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North of the Don and extending to the banks of the Dnieper were the tents and hunting-grounds of the MAGYARS or Hungarians.1 The continuous history of this Finnish people, who lived by hunting and fishing, begins in the ninth century, and if we think we can recognise it under other names in the days of Attila and the early migrations, our conclusions are more or less speculative. It is, however, highly probable that the Magyars had lived or wandered for centuries in the regions of the Volga, had bowed to the sway of the great Hun, and had been affected by the manners of their Turkish neighbours. They spoke a tongue closely akin to those of the Finns, the Ostyaks, the Voguls, and the Samoyeds, but it is likely that even before the ninth century it had been modified, in its vocabulary, by Turkish influence.1 A branch of the people penetrated in the eighth century south of the Caucasus, and settled on the river Cyrus, east of Tiflis and west of Partav, where they were known to the Armenians by the name of Sevordik or "5 "Black children.' These Black Hungarians, in the ninth century, destroyed the town of Shamkor, and the governor of Armenia repeopled it with Khazars who had been converted to Islam (A.D. 854-855).


On the northern shore of the Sea of Azov, and extending towards the Dnieper, was the land of the Inner or BLACK BULGARIANS, which thus lay

1 For criticism of the Arabic sources (Gurdizi, etc.) see Westberg, op. cit. 20 sqq., Beitr. i. 24 sqq. Marquart, (op. cit. 30-31, 516) places the Hungarians between the Don and the Kuban, but his interpretation has been refuted by Westberg.

2 Regino, s.a. 889, p. 132, ed. Kurze. This is an insertion of Regino in his general description which is transcribed from Justinus, ii. 1-3.

3 Marquart finds their ancestors in the Akatzirs (cp. Priscus, fr. 8 in F.H.G. iv. 89; Jordanes, Get. c. 5) and the Unigurs (op. cit. 40 sqq.); but see the important work of K. Némäti, Nagy-Magyarország ismeretlen történelmi okmánya (1911), where the passage in the Origines of Isidore of Seville (ix. 2, § 66, in Migne, P.L. 82, 334) is fully discussed. He likewise identifies them with the Unigurs.

4 Cp. Marquart, 53. The basis of the Hungarian language was Ugrian,

between the Magyars and the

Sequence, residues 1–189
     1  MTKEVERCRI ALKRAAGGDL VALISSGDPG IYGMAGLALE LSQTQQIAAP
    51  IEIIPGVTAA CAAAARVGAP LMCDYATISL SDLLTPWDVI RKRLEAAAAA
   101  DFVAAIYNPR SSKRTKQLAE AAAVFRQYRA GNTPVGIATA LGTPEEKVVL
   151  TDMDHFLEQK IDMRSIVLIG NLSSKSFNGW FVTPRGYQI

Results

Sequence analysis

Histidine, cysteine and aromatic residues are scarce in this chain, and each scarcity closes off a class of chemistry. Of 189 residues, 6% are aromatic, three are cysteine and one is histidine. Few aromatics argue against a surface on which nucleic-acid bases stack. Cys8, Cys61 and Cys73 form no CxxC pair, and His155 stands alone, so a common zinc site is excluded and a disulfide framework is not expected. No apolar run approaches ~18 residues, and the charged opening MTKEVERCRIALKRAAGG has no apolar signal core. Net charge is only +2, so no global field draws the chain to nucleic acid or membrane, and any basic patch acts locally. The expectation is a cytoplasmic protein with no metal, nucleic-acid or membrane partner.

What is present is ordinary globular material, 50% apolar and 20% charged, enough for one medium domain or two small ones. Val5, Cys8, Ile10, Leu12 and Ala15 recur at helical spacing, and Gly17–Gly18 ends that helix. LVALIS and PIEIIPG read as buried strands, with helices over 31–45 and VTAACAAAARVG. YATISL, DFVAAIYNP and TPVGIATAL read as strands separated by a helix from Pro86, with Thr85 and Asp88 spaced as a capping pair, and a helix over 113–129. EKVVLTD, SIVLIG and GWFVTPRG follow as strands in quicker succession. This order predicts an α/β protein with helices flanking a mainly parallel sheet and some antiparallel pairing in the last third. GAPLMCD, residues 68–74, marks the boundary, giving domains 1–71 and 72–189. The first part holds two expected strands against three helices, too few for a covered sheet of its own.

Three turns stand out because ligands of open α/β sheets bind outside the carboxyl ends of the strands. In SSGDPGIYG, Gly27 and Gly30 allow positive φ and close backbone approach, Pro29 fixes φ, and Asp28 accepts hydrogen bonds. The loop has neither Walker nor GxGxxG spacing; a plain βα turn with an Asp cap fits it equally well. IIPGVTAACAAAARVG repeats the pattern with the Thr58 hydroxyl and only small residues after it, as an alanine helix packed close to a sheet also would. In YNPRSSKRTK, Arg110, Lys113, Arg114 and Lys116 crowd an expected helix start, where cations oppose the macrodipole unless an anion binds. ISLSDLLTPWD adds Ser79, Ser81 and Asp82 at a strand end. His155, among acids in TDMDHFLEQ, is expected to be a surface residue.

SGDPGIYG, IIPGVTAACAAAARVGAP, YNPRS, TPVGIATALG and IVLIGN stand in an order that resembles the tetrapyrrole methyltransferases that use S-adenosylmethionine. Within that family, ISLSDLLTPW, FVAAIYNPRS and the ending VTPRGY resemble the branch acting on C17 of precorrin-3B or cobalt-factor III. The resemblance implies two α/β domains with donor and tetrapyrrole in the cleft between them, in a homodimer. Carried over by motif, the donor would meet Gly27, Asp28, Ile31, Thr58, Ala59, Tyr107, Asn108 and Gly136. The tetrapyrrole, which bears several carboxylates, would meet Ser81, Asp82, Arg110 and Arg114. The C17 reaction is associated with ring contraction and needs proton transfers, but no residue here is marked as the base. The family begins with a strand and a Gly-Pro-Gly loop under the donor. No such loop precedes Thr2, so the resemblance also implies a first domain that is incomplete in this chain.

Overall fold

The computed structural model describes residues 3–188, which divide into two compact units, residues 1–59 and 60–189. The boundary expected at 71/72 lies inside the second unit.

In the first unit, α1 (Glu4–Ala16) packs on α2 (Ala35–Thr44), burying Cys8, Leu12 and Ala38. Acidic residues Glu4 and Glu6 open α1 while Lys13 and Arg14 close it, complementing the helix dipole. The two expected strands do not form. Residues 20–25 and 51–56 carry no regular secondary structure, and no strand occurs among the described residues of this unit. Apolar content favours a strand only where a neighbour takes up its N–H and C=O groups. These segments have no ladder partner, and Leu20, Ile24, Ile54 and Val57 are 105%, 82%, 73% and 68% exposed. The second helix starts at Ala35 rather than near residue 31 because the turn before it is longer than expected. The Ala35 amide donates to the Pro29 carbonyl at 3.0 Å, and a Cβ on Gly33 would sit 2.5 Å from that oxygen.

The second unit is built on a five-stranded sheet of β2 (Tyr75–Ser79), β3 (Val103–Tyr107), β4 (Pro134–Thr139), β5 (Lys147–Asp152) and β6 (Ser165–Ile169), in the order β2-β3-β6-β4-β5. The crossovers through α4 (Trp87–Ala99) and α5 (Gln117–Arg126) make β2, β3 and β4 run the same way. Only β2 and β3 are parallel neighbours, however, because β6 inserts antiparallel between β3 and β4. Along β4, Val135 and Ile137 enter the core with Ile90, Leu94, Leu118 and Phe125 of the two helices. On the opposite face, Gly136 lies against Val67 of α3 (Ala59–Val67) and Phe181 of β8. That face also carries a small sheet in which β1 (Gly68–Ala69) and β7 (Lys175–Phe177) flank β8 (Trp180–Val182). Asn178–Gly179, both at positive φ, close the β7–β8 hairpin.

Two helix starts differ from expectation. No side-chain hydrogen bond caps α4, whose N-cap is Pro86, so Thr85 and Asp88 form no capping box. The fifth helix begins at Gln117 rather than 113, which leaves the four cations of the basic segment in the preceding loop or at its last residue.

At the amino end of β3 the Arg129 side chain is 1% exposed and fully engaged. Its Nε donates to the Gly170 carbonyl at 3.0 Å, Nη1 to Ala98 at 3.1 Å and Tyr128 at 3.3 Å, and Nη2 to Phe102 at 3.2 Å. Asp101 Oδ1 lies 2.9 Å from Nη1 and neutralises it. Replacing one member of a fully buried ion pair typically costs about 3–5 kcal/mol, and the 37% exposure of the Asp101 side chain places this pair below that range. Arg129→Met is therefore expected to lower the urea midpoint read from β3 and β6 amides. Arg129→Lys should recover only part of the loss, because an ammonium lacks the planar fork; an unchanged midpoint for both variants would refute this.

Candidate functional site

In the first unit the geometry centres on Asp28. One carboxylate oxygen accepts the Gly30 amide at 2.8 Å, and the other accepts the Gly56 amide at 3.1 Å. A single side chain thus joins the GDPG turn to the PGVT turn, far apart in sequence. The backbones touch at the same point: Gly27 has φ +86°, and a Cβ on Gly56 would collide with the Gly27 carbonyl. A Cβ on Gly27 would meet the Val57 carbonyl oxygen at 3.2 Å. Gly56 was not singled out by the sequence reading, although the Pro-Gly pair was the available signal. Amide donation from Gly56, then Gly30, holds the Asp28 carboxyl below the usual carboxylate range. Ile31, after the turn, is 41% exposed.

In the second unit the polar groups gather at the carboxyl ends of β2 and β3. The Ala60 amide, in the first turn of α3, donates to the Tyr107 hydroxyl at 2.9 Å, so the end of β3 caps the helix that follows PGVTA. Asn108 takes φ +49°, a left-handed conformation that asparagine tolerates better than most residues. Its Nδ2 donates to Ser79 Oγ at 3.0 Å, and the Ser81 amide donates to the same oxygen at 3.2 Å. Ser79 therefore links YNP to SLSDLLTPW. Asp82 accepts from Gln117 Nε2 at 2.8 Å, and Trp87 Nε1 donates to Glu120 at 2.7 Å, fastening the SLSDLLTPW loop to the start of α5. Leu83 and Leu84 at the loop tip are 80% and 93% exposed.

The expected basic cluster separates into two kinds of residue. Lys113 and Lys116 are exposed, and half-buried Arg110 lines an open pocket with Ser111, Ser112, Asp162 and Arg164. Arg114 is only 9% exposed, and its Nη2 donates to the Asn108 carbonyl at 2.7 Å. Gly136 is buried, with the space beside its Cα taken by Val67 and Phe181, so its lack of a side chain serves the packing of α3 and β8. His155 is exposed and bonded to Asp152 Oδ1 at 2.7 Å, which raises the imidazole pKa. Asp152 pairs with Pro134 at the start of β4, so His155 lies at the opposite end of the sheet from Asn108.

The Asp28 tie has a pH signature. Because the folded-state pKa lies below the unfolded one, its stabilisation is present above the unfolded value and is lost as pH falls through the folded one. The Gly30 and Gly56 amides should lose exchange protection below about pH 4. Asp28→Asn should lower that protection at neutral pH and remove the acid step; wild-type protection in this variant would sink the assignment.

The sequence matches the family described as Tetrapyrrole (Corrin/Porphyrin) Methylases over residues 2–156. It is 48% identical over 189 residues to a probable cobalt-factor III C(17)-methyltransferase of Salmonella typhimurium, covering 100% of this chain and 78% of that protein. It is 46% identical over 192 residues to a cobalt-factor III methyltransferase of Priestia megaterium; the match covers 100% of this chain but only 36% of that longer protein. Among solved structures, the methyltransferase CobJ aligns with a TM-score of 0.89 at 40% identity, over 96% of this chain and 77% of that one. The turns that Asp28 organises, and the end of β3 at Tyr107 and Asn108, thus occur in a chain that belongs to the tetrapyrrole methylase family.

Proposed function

but it was profoundly modified by Turkish. The well-known able attempt of Vámbéry to prove that it was originally a Turkish tongue (in his A magyarok eredete) has not convinced me, nor has it persuaded Marquart, who has pertinent observations on the subject (49).

5 Constantine, Cer. 687 eis TOÙS Y ἄρχοντας τῶν Σερβοτιῶν (leg. Σεβορτίων, Marquart) τῶν λεγομένων μαῦρα παιδία. Hence Marquart explains Zaßápтo ǎopaλo, said in De adm. imp. 169 to be the old name of the Hungarians, as "the lower Sevordik" (op. cit. 39-40); -ordik, children, he considers only an Armenian transformation by popular etymology of Orgik Ugrians. See also W. Pécz in B.Z. vii. 201-202, 618-619.

6 For this we have the good authority of Baladhuri, who calls the Sevordik Savardi. Marquart, ib. 36.

7 See above, p. 337.

Goths. The lower Dnieper seems to have formed the western boundary of the Khazar Empire, but their influence extended up that river, over some of the Eastern Slavs. The Slavs round Kiev1 paid at one time tribute to the Chagan, who perhaps ensured them against the depredations of the Magyars.

On the central Volga was the extensive territory of the BURDAS,2 who were subject to the Khazars, and formed a barrier against the Outer Bulgarians, their northern neighbours, whose dominion lay on the Volga and its tributary the Kama, including the modern province of Kasan.3

If the Burdās served the Khazars as a barrier against the northern Bulgarians, they were also useful in helping to hold the PATZINAKS in check. This savage people possessed a wide dominion between the Volga and the Ural; their neighbours were, to the north-west the Burdās, to the north the Kipchaks, to the east the Uzes, to the south-west the Khazars. It would seem that some of their hordes pressed early in the ninth century, west of the Volga, into the basin of the Don, and became the formidable neighbours of the most easterly Slavonic tribes.1

§ 3. The Russians and their Commerce

Such, in the early part of the ninth century, was the general chart of the Turkish Empire of the Khazars, their clients, and their neighbours. Before we consider the import of this primitive world for the foreign policy of the Roman Empire, it is necessary to glance at yet another people, which was destined in the future to form the dominant state in the region of the Euxine and which, though its home still lay beyond